The Bechdel test

For those who are unfamiliar with the Bechdel test, it is a method which determines the strength and relevance of female characters as their own individual being within a piece of fictional work.

It asks if a piece, usually a film, presents two (or more) women that talk or interact with each other about something other than a man (as their major point of interaction).

This concept spans back several decades, back to Virginia Woolf’s 1929 essay A Room of One’s Own (a recommended piece of reading for Good Game Girls), who recalled that the literature of her time often showed women in their relation to male characters. Moving forwards to the mid 1980s, the test itself was created by Alison Bechdel in her comic strip Dykes To Watch Out For, which told the story of two women — one of whom would only go and see a film if it met three requirements.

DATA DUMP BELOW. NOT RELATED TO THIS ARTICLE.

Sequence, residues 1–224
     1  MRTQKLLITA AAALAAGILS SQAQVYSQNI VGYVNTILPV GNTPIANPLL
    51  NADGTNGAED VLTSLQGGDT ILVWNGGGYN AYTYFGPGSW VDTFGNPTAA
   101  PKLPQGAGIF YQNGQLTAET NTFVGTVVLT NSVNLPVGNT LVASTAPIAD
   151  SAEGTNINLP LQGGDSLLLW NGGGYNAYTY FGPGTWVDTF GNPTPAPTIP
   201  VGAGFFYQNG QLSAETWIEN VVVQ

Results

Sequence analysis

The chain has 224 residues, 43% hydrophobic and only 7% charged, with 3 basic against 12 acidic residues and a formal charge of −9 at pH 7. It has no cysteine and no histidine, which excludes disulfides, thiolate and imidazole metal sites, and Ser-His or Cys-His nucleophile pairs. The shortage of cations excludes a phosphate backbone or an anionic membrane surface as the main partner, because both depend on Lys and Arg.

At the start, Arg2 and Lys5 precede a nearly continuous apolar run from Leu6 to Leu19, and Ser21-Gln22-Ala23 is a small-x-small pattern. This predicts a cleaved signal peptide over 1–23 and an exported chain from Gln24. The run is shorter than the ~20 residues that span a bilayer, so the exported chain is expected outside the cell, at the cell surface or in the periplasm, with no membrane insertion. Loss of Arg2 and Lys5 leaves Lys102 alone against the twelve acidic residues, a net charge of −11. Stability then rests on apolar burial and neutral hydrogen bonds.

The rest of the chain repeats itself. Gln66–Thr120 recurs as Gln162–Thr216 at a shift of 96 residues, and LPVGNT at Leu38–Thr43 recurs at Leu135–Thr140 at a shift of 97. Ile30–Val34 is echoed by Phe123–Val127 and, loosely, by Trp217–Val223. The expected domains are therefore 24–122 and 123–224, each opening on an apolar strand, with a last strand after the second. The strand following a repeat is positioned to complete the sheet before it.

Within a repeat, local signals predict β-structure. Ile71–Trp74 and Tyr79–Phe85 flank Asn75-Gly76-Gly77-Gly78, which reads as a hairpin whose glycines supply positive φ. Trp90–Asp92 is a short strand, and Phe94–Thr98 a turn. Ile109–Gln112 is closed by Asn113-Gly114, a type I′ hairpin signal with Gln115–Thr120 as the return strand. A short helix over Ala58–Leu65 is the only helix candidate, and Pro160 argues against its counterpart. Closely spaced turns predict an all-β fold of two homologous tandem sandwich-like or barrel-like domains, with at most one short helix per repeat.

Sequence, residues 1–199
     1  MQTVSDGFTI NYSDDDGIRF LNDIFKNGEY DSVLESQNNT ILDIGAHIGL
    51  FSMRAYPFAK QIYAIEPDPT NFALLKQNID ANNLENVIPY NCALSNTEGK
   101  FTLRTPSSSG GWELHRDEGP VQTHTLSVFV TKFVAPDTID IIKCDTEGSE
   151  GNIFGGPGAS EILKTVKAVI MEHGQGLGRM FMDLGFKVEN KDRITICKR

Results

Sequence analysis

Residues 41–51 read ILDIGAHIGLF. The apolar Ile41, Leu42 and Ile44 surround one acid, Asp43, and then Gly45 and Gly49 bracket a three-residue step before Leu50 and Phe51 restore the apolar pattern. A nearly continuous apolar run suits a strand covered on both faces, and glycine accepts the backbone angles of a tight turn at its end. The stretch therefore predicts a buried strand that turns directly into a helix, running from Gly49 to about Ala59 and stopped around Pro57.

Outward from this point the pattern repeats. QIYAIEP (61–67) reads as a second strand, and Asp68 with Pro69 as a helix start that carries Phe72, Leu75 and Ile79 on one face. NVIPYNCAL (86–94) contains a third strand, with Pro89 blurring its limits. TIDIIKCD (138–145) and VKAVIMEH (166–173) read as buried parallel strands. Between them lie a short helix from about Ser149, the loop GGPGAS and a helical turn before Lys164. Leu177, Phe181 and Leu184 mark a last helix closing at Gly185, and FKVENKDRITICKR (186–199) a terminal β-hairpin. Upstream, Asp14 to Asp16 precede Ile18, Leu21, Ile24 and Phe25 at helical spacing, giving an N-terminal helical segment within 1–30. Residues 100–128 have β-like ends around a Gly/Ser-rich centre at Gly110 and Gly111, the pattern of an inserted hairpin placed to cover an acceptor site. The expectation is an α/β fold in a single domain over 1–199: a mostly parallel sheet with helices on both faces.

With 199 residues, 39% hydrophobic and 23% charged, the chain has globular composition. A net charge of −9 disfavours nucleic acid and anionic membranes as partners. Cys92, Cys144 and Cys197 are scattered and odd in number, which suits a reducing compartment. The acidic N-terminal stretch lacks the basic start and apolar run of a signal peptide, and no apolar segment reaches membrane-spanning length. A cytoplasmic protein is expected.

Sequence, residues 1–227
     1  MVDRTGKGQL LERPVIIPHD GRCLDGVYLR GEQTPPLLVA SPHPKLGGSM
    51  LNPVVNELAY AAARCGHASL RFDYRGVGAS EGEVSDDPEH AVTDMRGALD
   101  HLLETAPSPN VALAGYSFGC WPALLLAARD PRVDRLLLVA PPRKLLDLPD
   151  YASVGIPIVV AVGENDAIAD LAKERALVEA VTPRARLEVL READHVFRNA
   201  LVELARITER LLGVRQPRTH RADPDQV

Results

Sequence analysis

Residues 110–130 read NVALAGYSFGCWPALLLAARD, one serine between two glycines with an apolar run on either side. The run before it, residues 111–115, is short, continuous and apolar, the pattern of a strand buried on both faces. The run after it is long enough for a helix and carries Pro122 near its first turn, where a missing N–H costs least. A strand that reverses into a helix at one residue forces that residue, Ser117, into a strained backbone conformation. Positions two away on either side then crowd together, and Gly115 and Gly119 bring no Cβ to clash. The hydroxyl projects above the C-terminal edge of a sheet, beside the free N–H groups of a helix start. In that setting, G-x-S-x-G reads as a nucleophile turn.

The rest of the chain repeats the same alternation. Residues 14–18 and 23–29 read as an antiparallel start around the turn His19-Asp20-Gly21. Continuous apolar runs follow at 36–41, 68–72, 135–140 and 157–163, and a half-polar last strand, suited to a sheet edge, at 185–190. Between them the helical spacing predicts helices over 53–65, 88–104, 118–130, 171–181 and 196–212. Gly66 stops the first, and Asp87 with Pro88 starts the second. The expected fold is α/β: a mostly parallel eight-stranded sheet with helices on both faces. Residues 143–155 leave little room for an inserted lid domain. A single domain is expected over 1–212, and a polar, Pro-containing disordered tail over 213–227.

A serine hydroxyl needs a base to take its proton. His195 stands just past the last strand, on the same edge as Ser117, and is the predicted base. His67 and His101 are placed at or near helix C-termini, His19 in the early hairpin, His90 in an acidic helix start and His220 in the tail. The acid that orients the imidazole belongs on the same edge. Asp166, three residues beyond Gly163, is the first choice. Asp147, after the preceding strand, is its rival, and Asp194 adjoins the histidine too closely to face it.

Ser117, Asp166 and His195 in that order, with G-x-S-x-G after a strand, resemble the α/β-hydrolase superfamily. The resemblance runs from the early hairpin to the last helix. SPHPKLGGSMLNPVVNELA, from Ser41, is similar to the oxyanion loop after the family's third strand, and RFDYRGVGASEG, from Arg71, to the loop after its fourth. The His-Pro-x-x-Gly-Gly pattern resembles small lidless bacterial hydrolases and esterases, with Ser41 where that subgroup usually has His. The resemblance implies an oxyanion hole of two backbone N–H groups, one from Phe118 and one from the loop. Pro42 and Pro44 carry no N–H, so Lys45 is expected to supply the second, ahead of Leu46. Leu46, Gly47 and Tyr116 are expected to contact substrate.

These requirements are as follows:

  1. The film must have a minimum of two women in it.
  2. These women must interact and talk with each other.
  3. They must interact about something other than a man.

While this test seems very basic, in so much as that a fictional work may satisfy these requirements but still contain sexist material, it is a reasonable basis for determining some level of female character quality within a film.

It is also true that not all pieces of fiction that have been traditionally marked as ‘good’ adhere to this test, however, it is worth considering as a very basic means of considering video games.

GG Girls has attached a list of ✩GG-recommended✩ Bechdel test games here.